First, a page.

Green financing funds specific infrastructure projects with a clear environmental objective, for instance the construction of renewable energy facilities, green transportation, and investments in sustainable water and sanitation.
Where ESG investing is concerned, the Green Loan Principles that have been developed by the Loan Markets Association (LMA) set out conditions that need to be met for projects to be considered “green”. Financing documents, for instance, must:
- contain a purpose clause showing how funds will be deployed in a green project;
- identify how the project’s green credentials have been evaluated;
- explain how the funding will be disbursed and managed; and
- carry an obligation to report on the project’s environmental benefits and to update any certifications to make sure it remains green over time.
We are now seeing these kinds of frameworks being used by financiers in the region. For instance, the Dubai Islamic Bank is just one institution that has issued a Sustainable Finance Framework explaining how it will finance projects on principles similar to the Green Loan Principles.
Bahrain-based Infracorp issued its first green Sukuk to enable more sustainable infrastructure development across the Gulf, North Africa and South Asia, aligning with the market appeal for investments that have both a financial and an ESG impact. There have also been several real estate financings which have incorporated internationally recognised green building standards, such as Leadership in Energy and Environmental Design (LEED), which is encouraging for a region that is developing its infrastructure at an aggressive pace.
Social financing is similar to green financing but focuses on financing or refinancing activities with a clear social benefit, such as affordable housing, health and education, social inclusion, and humanitarian relief.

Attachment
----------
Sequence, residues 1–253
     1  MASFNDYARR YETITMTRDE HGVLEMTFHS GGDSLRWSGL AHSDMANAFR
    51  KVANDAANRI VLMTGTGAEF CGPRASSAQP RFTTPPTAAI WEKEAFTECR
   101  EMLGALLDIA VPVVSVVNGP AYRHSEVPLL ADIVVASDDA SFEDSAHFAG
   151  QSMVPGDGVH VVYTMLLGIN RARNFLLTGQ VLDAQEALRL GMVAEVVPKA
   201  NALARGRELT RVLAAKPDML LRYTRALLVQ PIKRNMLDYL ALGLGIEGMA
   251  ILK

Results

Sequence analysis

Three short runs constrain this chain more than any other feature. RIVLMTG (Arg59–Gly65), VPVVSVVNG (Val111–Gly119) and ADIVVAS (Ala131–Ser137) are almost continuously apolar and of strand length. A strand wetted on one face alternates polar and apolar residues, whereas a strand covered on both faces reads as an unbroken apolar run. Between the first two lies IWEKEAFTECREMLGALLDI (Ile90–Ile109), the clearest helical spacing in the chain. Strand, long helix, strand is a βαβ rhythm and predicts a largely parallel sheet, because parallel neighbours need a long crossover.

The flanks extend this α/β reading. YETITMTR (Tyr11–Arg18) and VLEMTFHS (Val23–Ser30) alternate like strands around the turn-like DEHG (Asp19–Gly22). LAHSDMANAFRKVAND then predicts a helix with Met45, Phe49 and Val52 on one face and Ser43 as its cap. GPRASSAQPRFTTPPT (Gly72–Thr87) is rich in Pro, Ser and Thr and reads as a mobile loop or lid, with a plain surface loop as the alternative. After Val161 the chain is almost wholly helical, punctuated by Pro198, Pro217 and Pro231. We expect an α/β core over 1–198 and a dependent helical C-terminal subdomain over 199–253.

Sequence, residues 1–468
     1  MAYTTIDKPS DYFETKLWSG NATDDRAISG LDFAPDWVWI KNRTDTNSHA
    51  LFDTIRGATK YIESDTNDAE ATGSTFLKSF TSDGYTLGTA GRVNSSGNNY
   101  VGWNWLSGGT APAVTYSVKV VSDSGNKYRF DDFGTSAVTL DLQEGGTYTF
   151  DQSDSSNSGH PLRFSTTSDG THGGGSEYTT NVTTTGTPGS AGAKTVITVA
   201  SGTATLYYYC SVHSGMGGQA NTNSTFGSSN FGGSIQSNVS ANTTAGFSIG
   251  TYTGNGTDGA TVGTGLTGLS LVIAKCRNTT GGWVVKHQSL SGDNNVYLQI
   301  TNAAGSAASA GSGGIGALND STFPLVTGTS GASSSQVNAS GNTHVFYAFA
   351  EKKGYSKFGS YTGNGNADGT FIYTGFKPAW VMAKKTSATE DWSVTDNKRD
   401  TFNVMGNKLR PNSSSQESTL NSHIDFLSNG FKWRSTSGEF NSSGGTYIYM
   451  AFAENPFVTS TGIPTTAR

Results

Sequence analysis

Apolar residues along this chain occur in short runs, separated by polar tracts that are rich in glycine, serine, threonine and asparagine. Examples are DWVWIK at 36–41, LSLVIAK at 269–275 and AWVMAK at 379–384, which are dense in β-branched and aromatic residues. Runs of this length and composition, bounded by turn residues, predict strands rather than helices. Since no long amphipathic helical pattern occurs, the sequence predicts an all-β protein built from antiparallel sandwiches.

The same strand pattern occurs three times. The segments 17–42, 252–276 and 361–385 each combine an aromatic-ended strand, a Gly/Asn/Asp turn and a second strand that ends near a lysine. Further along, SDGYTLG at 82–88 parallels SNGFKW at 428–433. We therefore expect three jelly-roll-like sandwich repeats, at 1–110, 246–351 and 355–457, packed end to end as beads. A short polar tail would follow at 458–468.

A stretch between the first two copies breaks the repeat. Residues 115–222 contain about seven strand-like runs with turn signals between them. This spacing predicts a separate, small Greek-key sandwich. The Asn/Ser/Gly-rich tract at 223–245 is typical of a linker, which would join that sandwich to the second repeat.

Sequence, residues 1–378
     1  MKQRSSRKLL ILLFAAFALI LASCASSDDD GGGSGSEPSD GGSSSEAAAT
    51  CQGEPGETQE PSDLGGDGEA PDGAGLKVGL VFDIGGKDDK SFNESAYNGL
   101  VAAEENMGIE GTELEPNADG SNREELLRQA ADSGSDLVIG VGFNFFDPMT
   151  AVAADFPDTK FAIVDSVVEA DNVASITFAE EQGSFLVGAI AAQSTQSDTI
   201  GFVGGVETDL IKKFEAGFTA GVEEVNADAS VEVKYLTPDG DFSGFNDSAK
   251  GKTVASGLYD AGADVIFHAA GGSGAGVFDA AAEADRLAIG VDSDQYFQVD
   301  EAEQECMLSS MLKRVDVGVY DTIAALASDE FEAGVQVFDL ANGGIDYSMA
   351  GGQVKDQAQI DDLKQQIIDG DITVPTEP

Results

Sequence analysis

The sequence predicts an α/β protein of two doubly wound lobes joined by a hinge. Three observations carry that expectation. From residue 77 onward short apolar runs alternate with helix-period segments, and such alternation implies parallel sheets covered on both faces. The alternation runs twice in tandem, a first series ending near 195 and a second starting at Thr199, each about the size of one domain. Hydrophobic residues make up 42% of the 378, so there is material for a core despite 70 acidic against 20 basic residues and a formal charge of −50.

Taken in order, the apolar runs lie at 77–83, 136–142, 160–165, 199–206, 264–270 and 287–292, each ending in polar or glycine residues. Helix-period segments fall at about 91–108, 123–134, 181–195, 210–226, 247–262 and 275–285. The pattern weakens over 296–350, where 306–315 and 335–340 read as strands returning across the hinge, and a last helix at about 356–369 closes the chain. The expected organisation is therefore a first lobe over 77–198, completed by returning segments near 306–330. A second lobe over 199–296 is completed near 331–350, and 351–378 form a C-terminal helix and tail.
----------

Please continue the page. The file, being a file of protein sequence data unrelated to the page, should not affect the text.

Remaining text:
Sustainability-linked financing is the area in which we see the most scope for greater involvement by financial institutions and a real opportunity to advance decarbonisation, achieving Net Zero and other sustainability goals in the region.
Rather than being tied to a particular green project, the money invested via this route can be used for any purpose but the conditions of the financing are tied to sustainability related key performance indicators (KPIs) that the borrower must meet and that go beyond current regulatory targets, relating to, for instance, reducing carbon emissions.
Where a borrower fails to meet those KPIs, this would normally trigger a built-in variation in the financing terms, usually resulting in an increase in pricing.
To avoid a situation where a financier might profit from a failure to meet targets by receiving higher pricing, some financiers have pledged to donate any gains to ESG focused charities. As we discussed earlier, making donations in this way is very much in line with Islamic Finance principles.
Majid Al Futtaim’s USD1.2 billion sustainability linked financing is a key example of how corporates in the region are embracing ESG as a strategic priority.
This approach to financing the transition to Net Zero and other sustainability goals has obvious attractions, not least that it makes financing available to a wide range of businesses and can strongly influence how companies run their operations and the choices they are making around decarbonisation, offering a real incentive to making progress.
Initiatives already underway
There are clear signs that the shift towards sustainable financing is already underway in the region.
The green and sustainable bond and Sukuk market in GCC economies grew sharply in 2022, reaching USD28.5 billion, as banks and government-related entities increased their issuances. This was a significant jump from the USD605 million issued in 2021.
From a corporate finance perspective, Abu Dhabi Future Energy Company (Masdar) launched its syndicated revolving credit facility – the first “green” RCF in the Middle East.
At a project finance level, an interconnection project – which would allow countries in the region to exchange up to 3,000 MW of power has broken ground. This project included financing of a green loan from an international export credit agency and international banks.